According to Stephen Lawson, writing in Computerworld, “One advantage of the low data rates on LPWANs is that they don’t require as many base stations as cell networks do. With that factor and unlicensed frequencies, the cost of connecting can be dramatically lower. Enterprises buying connectivity for many devices may pay as little as $1 per connection, per year.”
These slower data rates also have implications for chip technology. Soon we won’t need vast amounts of calculations per second. Sending a temperature measurement once a second or once a minute from a remote sensor requires far fewer instructions than rendering a complicated, 3D CAD drawing.
LPWAN provider Senet uses an RF-based solution to transmit and receive data to and from sensors and controllers over long distances at very low costs. “We can connect sensors over distances of more than 100 km (62 miles) in favorable environments with sensors that can be powered over 10 years with AA batteries. In addition, it’s highly secure, using AES128 keys, making communication tampering and eavesdropping virtually impossible,” said George Dannecker, CEO, Senet.
Cliff Ortmeyer, Newark element14, provides an overview in EBN of the biggest IoT adoption issues that need to be resolved. For instance, several competing IoT architecture standards have emerged, including Google’s Physical Web, the Industrial Internet Consortium (IIC), the Open Interconnected Consortium, and Thread, a new IP-based wireless networking protocol pulling together support from Google, Samsung, ARM, and Freescale Semiconductor.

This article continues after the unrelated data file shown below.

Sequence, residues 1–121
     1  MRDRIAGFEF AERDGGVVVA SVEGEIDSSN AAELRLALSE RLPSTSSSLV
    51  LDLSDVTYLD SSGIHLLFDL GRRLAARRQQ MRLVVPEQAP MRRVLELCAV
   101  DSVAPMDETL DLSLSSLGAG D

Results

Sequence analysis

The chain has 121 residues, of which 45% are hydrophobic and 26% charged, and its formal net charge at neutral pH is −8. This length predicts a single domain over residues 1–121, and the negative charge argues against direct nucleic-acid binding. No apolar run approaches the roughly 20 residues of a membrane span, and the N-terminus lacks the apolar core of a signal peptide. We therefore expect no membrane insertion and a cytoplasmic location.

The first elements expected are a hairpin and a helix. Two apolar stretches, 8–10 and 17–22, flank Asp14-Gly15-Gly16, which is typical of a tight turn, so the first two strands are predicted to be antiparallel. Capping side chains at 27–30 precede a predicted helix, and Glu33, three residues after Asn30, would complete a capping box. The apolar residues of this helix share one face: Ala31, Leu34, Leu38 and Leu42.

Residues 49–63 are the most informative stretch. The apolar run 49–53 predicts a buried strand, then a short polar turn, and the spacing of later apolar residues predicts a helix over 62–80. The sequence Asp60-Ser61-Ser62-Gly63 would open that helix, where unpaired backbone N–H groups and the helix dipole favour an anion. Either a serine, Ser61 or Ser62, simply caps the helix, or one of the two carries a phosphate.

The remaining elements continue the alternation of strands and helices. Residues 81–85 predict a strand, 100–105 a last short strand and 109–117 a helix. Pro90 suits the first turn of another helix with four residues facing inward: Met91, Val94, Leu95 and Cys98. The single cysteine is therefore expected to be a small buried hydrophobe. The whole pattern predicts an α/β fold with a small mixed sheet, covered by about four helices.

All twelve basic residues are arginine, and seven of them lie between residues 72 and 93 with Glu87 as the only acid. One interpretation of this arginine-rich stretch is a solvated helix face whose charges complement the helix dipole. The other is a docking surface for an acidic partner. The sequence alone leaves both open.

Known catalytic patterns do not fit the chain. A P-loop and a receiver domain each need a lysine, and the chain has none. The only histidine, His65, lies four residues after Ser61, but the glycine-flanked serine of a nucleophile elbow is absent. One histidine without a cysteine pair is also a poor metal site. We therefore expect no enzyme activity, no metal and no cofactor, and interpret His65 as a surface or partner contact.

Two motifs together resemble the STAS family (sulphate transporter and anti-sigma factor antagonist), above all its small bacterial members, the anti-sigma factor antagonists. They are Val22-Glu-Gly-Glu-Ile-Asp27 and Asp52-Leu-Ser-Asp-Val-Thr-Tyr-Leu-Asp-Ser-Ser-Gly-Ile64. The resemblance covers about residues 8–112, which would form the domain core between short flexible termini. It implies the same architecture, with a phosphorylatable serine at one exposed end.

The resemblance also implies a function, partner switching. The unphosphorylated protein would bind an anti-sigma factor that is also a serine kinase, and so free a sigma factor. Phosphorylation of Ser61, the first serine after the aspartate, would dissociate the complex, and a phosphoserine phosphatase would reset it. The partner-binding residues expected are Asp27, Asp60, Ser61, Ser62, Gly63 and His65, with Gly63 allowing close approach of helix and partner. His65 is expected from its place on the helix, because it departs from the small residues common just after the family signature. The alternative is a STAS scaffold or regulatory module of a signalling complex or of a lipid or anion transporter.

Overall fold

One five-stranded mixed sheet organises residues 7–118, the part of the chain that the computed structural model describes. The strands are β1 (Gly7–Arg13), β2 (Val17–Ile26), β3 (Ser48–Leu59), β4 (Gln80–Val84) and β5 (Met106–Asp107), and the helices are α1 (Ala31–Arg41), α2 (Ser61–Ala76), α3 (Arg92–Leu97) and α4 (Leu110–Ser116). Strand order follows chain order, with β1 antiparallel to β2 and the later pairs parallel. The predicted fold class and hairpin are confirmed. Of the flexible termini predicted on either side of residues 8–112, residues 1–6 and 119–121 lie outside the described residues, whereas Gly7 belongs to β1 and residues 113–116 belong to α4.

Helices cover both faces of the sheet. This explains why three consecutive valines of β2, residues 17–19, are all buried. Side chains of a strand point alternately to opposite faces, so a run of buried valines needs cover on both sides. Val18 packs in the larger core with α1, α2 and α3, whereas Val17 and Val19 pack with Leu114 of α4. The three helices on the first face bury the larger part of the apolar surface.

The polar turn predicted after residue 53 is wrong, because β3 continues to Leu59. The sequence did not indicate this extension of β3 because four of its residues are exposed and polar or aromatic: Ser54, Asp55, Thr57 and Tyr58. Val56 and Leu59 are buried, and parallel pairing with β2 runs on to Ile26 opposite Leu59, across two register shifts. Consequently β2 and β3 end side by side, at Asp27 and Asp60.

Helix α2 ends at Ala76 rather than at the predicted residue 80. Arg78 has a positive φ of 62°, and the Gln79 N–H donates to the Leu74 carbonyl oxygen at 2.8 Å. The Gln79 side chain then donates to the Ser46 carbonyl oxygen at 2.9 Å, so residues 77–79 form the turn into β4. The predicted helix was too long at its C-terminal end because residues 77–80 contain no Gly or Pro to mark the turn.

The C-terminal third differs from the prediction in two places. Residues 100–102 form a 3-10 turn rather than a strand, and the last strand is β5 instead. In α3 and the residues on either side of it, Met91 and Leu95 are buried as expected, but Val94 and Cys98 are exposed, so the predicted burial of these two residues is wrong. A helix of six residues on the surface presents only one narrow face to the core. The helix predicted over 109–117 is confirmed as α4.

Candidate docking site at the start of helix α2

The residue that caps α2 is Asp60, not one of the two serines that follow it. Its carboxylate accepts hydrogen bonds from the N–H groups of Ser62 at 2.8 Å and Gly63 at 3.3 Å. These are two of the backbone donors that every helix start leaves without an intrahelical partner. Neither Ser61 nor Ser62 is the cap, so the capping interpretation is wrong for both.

Every device that connects to the Internet requires its own unique numerical label – an IP address. As it stands, the vast majority of these IP addresses run on a fourth generation version of the Internet Protocol known as IPv4. Unfortunately, that limits us to about 4.3 billion unique addresses. We’re already way over capacity and using workarounds like Network Address Translation (NAT) to provide the illusion of more space. IPv6 is a 128-bit protocol that offers 340 unidecillion addresses (34 plus 37 zero’s)!
In the meantime, developers are forging ahead, developing new technologies that will help the IoT become a self-sustaining network of everyday objects that provides a higher collective value than the individual objects.
• High frequency circuit materials deliver the performance needed by M2M sensors, wireless base stations, satellite antennas, and network servers and storage.
• High temperature silicone materials are ideal as gaskets and seals, cushions, and thermal and acoustic insulation in demanding conditions.
• Laminated multilayer busbars provide efficient and compact connections for propulsion, auxiliary, and other IGBT based converters in transportation systems.